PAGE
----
A London story in the Evening Standard by journalist Ross Lydall – local Hammersmith MP leads debate in House of Commons (11th March)
More than 165,000 Londoners aged 65 and older had not received a first jab by the end of February and there are fears that “harder to reach” groups are being swept aside as the programme races through Britons enthusiastic to be vaccinated.
Up to a dozen of the capital’s MPs were taking part in a parliamentary debate this morning on vaccine take-up rates in London, led by Hammersmith Labour MP Andy Slaughter.
Mr Slaughter said that, despite an “exemplary effort” to vaccinate the UK population at pace, less than 80 per cent of people aged 65 to 69 in north-west London had received a first dose. In east London, the latest figure is 75.8 per cent — the lowest in the country.
He said that in some ethnic communities take-up was “below 50 per cent” and added: “That should be ringing alarm bells in Whitehall and it’s certainly ringing alarm bells locally.”
Karen Buck, Labour MP for Westminster North, said there was only 69 per cent take-up of the vaccine in her constituency – the second worst figure in the country.
“It’s a particular concern because the central London economy is so critical to our national economic revival,” she told the hearing.
Catherine West, Labour MP for Hornsey and Wood Green, said she had been told by a GP that he had phoned 30 patients in a day who were reluctant to have the jab. “Of these, only one person was keen to take the vaccine. That is the kind of hostility we are seeing,” she said.
Feryal Clark, Labour MP for Enfield North, said many of her constituents were on the wrong side of the “digital divide”. She said: “Expecting an 80-year-old Kurdish woman to book an appointment over the internet is not going to happen.”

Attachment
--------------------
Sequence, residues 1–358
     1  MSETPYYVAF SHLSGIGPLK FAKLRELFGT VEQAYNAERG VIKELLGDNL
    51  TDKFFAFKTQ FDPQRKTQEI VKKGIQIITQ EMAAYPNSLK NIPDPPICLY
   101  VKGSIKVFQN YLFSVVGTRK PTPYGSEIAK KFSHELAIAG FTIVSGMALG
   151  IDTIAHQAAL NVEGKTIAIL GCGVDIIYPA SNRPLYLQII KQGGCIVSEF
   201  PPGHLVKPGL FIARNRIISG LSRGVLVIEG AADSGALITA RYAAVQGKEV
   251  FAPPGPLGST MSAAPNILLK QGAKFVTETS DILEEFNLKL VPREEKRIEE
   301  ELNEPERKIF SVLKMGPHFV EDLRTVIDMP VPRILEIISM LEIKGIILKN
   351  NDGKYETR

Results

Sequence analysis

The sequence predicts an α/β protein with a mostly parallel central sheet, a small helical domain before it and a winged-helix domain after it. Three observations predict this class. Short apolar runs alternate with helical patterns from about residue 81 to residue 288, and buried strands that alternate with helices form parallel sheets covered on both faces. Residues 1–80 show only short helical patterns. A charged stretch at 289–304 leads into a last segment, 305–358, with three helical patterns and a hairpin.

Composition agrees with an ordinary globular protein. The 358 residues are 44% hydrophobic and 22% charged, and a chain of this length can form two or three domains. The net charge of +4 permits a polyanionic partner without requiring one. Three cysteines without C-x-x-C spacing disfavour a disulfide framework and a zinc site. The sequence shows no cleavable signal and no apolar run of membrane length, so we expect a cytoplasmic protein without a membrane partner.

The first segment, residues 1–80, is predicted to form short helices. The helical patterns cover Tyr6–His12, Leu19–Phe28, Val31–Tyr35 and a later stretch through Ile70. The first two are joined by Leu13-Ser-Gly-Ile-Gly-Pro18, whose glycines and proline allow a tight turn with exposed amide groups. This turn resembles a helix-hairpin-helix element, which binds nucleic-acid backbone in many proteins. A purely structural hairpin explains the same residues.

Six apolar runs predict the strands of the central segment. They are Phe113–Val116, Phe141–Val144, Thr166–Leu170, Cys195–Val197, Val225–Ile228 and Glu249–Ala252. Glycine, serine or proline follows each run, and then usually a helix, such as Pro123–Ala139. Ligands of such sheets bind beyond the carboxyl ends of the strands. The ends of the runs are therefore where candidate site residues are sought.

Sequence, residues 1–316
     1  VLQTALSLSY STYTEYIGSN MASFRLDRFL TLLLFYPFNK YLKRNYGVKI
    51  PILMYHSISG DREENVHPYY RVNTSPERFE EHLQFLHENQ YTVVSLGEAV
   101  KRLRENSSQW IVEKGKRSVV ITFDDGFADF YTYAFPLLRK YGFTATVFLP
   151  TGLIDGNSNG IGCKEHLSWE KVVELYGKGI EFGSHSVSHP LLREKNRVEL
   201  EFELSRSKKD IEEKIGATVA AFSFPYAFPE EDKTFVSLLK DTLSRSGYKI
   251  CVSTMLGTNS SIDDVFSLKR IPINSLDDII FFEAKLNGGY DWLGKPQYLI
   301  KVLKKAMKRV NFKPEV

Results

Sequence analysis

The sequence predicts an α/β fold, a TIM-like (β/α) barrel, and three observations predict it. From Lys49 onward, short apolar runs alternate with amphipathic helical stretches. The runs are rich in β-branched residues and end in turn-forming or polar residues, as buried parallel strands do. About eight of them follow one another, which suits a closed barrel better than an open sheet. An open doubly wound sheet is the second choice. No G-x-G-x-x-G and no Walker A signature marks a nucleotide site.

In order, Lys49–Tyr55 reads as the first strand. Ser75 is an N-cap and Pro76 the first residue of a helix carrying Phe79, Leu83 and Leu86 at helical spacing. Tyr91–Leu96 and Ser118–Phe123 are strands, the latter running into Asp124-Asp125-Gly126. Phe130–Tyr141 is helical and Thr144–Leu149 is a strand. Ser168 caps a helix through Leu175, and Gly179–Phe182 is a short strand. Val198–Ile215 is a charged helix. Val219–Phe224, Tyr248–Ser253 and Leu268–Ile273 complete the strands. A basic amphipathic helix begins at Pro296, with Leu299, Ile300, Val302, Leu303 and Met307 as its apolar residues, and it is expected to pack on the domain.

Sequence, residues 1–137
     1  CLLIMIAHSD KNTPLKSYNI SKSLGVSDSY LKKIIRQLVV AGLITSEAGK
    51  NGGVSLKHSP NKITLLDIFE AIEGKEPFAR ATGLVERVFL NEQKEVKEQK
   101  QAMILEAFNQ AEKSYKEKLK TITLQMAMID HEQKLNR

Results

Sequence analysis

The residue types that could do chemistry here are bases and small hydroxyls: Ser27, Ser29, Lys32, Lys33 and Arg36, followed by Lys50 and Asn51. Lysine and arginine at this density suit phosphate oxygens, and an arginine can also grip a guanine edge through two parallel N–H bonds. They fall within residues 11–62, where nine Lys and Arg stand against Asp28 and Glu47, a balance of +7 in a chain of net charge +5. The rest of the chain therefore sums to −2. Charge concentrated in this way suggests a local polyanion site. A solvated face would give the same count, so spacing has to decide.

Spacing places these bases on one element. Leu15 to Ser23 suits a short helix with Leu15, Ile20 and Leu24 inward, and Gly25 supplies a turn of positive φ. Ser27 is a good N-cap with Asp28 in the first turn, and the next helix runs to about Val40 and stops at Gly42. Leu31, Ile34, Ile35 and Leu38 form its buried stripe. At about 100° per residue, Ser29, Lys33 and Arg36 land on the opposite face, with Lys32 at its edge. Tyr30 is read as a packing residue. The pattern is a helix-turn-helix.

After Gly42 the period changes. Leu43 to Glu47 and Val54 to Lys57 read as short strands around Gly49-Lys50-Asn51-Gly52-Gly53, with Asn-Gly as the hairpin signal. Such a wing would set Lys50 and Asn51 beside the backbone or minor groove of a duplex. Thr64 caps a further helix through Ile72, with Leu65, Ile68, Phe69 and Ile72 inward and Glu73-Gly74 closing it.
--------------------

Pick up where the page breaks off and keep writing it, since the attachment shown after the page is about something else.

Speaking ahead of the debate, Mr Slaughter said that recent problems with supply had “exacerbated” the national disparity in delivering the jab. He said that the five vaccine centres in his constituency ran out of vaccine last week.
“There is a supply issue, but the real issue is how we deal with the failure to take up the jab,” he told the Standard.
“For me, the wealthy areas of Hammersmith are registering 100 per cent take up but the poorer areas are below 75 per cent. I feel there is a feeling [among Government]: ‘If people can’t be bothered to get the vaccine, that is up to them’, which is irresponsible as a national strategy.
“These are not people who are being bloody-minded about it. These are people the message isn’t reaching, for quite complex reasons.”
He said people who had not taken up the vaccine were often isolated from society, were affected by a language barrier or had mental health issues.
It came as one of London’s biggest NHS hospital trusts revealed that only 37 per cent of its black staff had received the vaccine by March 1, compared with 77 per cent of white staff and 69 per cent of Asian staff. King’s College hospitals said 8,718 of 13,367 staff had been jabbed, but 306 had declined.
Hospital chiefs said the staff vaccination programme was “effective” and it had an “internal objective” to vaccinate 75 per cent of employees, but admitted take-up rates among black staff were “considerably lower”.
A programme has been established to overcome vaccine hesitancy, involving webinars, posters, small group discussions, video clips and use of social media. The two most successful had been “peer to peer” encouragement and sessions where staff can ask questions of trusted senior clinicians.
Vaccines minister Nadhim Zahawi has promised that the rate of vaccination will double in the coming two months, when a two-week blip in supplies ends this weekend. Today it was reported that the weekly total across the UK would rise from two million to three million.
Mr Zahawi told the debate that vaccine supplies were due to increase sharply. “We have some bumper weeks ahead from the middle of this month,” he said, adding: “No-one will be left behind.”